Out of the City.

It’s 1.00 am, I’ve had very little time to write on this trip and I snatch precious moments of time and silence.
Time has to be metered and never seems enough, but silence is only attained if I put on my earphones and listen to music. In essence, I can find my own personal silence even in a busy airport terminal.

Tonight I’m listening to The United Choir of the Holy Trinity – St Sergius Lavra.
I has the depth and harmony particular to Russian Choirs. I don’t pretend to know the magical combination… but it is undisguisedly Russian.

I’m a tardy tourist. I like to observe normal life and leave the glitz to those who have less time and more money than I. So our journey today into the countryside was special.

About 100 kms out of Moscow we stopped to visit St Sergius Lavra.

It’s a walled containment of some 8 churches and Cathedrals.


It was a world away from the Mercedes, Jaguars and slick consumables of Moscow.
The colors worn by these two ladies spoke to me of tradition, a culture rich in heritage and my own lack of pious attention.


The entrance gate was the meeting place for acquaintances, there were several old ladies and a young woman with a child who asked for money.

I feel so bad that I carry an expensive camera and wear bling.


There was a small market, you could even buy furs !!!!!



and  a roosting place in the sun for the 100’s of pigeons.





The raw exterior gave no hint of the the decorated walls on the depth of the gate.



Many sat in the courtyard and prayed or just sat and watched the passing parade of people.



Familiarity with the majesty of the gold and bright blue topped spires and the antiquity of the churches is understandable for the local community, but for me it was magical.


There is a fountain that stems from a spring, it is said the water has curing properties. People filled bottles with the water and no doubt took it home to their loved ones.



Priests talk to patrons and the soft sounds of a service in process filters through the grounds.


There are no chairs in a Russian Orthodox Church, only a few small highly decorated enclosures on the back wall with just enough room to perch on for those who have difficulty standing.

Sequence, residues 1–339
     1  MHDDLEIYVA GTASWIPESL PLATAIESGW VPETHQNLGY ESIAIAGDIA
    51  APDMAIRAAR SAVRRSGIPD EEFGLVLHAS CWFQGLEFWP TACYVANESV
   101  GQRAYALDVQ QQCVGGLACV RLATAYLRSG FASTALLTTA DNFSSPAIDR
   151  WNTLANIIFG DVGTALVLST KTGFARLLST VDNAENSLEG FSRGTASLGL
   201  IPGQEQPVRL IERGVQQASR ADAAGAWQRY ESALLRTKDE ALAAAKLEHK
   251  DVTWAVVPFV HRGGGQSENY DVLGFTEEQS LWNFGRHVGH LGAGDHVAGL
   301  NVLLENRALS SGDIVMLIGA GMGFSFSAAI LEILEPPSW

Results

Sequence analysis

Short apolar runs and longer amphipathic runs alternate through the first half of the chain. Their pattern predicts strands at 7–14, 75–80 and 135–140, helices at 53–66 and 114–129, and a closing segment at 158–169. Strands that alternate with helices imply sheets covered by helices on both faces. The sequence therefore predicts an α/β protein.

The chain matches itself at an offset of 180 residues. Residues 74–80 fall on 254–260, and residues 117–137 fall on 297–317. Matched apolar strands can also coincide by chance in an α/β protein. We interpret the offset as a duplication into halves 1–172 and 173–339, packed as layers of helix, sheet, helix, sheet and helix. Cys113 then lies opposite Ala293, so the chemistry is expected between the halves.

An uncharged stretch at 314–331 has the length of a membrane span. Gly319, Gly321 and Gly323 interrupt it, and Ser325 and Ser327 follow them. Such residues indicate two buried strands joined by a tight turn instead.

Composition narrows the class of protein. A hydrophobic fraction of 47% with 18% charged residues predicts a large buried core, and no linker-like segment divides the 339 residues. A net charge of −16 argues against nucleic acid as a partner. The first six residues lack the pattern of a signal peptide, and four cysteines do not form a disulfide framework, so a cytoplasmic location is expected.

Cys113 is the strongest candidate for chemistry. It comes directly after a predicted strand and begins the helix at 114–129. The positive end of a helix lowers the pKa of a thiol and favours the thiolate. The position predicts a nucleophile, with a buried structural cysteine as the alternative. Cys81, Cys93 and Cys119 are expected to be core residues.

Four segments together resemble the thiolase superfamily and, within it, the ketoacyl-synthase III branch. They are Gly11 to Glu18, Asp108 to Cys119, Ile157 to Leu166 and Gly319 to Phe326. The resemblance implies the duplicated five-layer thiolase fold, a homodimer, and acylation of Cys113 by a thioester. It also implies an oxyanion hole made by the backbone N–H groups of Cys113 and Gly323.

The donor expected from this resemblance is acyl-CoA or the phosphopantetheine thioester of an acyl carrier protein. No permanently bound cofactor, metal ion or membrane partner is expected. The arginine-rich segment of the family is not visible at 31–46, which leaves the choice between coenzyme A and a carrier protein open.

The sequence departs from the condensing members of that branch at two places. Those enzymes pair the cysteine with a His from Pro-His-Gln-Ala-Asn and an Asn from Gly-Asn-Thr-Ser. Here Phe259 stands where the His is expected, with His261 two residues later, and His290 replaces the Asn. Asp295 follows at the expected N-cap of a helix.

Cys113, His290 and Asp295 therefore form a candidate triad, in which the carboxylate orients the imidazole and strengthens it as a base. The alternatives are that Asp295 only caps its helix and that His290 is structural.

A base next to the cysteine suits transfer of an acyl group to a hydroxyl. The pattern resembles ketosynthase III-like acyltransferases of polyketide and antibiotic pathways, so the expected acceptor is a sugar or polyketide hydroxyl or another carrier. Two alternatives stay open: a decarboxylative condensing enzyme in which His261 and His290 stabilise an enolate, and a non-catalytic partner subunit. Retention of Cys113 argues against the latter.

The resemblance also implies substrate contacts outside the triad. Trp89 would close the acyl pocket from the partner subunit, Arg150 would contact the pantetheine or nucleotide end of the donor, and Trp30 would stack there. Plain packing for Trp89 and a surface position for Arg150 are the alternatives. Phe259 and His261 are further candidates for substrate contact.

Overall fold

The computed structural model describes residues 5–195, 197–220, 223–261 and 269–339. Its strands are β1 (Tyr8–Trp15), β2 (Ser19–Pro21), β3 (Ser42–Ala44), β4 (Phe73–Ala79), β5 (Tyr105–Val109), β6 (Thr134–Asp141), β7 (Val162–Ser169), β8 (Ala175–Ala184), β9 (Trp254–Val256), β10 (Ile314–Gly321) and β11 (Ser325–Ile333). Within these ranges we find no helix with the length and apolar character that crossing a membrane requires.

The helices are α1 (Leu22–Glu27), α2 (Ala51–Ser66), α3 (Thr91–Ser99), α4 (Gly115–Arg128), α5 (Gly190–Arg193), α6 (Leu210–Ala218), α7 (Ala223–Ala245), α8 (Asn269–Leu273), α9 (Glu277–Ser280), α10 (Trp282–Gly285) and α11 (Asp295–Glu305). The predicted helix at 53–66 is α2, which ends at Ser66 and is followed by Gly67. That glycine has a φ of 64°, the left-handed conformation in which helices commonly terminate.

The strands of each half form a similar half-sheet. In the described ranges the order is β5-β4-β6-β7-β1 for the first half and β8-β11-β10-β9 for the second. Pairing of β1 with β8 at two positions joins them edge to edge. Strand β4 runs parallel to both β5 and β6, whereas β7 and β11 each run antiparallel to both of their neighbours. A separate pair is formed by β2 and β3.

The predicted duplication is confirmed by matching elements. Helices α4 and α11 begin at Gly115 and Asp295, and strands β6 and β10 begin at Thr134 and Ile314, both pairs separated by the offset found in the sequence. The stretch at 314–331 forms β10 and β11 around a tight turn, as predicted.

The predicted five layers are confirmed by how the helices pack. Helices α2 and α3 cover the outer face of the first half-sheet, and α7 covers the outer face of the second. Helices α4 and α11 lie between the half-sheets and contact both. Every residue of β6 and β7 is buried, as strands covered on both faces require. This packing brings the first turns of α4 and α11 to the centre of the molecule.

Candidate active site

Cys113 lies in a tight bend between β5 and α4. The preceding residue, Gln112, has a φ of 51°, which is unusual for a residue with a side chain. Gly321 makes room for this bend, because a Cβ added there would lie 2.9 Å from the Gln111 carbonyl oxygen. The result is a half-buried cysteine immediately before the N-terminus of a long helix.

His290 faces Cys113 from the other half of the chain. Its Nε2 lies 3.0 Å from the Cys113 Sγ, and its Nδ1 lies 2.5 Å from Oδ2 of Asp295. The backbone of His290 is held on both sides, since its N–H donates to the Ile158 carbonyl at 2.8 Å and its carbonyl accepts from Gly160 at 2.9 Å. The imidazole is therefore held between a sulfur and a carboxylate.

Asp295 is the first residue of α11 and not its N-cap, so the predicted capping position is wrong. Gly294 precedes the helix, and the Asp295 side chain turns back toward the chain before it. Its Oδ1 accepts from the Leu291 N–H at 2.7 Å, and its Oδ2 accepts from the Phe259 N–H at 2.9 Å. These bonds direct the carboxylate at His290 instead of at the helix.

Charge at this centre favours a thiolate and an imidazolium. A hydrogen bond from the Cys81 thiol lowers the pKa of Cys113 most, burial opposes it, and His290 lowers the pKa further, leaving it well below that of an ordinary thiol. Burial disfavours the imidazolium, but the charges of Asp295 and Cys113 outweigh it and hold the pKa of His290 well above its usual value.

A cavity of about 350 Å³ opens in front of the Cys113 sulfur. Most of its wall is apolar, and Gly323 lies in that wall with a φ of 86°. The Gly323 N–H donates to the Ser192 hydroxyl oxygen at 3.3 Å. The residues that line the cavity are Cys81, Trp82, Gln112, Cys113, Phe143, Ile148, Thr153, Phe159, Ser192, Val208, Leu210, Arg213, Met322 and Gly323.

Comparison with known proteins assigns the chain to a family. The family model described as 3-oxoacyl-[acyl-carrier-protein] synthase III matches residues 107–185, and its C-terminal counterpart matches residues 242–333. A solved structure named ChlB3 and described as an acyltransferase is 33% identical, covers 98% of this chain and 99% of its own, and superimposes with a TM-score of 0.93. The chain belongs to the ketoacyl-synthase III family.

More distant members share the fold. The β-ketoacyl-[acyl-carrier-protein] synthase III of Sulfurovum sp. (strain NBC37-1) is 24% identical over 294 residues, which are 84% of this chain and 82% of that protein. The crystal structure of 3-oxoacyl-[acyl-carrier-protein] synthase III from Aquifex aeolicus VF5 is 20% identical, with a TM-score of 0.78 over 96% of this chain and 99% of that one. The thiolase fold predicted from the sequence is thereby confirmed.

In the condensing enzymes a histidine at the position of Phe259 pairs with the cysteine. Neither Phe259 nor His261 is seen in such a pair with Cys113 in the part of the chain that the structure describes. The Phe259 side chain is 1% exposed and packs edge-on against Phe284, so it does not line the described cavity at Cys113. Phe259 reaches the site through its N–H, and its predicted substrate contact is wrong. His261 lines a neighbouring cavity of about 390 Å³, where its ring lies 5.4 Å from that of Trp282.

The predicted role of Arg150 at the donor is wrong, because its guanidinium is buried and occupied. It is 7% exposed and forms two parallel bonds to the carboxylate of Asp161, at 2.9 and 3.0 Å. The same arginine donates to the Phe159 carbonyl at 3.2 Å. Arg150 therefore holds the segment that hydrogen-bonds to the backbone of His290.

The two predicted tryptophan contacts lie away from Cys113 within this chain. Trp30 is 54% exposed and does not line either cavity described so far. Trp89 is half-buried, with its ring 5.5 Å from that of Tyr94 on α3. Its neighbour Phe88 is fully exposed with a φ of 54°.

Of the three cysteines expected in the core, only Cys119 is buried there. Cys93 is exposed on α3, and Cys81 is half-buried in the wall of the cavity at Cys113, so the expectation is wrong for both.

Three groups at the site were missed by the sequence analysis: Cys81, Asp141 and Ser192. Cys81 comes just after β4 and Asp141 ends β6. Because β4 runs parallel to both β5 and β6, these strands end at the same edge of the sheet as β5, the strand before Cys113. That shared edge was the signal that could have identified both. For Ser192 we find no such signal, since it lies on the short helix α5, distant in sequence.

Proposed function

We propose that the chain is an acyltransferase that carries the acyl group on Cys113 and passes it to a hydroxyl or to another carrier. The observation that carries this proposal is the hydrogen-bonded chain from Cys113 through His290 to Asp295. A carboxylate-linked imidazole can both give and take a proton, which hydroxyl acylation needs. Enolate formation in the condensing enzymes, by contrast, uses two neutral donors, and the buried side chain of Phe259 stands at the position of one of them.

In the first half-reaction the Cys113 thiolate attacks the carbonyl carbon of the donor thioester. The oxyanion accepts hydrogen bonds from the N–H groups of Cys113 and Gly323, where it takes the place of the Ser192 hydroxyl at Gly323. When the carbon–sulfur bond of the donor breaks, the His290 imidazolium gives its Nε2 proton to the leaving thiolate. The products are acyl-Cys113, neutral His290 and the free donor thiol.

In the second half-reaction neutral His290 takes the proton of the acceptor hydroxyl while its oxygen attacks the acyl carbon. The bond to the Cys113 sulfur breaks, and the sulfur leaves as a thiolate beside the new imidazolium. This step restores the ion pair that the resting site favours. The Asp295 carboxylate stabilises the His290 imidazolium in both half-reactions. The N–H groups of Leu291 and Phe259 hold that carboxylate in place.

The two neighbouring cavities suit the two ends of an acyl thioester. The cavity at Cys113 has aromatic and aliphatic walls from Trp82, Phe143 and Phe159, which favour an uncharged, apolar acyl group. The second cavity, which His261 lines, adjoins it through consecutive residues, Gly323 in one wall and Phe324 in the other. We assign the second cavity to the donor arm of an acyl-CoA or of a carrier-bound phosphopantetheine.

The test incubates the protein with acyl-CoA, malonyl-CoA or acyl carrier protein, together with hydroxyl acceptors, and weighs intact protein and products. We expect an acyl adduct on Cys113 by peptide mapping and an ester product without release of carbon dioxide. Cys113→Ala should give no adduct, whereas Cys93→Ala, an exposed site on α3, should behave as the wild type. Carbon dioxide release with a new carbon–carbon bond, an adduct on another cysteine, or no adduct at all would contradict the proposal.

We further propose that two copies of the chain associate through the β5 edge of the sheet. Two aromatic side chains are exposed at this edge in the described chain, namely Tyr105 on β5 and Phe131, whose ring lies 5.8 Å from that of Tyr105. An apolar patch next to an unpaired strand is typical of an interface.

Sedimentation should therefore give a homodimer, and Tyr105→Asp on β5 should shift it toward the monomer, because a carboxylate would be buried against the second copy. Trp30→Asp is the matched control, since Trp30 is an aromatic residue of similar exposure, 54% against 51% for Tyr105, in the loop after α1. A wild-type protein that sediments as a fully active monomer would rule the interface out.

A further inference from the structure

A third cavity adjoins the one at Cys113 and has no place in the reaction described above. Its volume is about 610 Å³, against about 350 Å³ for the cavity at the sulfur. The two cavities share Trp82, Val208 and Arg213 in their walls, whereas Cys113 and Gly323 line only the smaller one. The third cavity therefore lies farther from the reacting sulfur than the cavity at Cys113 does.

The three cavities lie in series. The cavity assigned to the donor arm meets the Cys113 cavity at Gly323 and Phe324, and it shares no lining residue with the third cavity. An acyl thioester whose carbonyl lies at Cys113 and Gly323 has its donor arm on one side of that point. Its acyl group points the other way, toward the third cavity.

In the dim light  I noticed 3 women in black dress and head covering standing in file along the far right wall. They sang in harmony in response to the priests dialogue.The walls and the ceiling of the church are covered in paintings and saints look down with with open palms and large expressive eyes. The sunlight filtered through the high windows adding intensity to the frescos and I was enthralled.



This is a quilted pattern on a church….. but it dates back to the 13th century….

After a traditional lunch, we then went on to Sergies Dacha

The first dachas in Russia began to appear during the reign of Peter the Great. Initially they were small estates in the country, which were given to loyal vassals by the Tsar. In archaic Russian, the word dacha means something given.


Weekends and summer days are spent at the Dacha… and they remain in the family for generations.


We drove back to Moscow and I slept a little… despite the chaotic traffic.

It's  rather difficult to describe…. but let me say, that in 3 days we have seen 4 rather nasty accidents.!!!

One Comment Add yours

  1. Sally says:

    Thank you, Pam, for showing me this wonderful glimpse of Russia. I was an Art History major and love seeing the buildings and colors from a place I’ve never been. You are thinking about getting back to your machine, but I’m looking forward to whatever else you can show us! Sally

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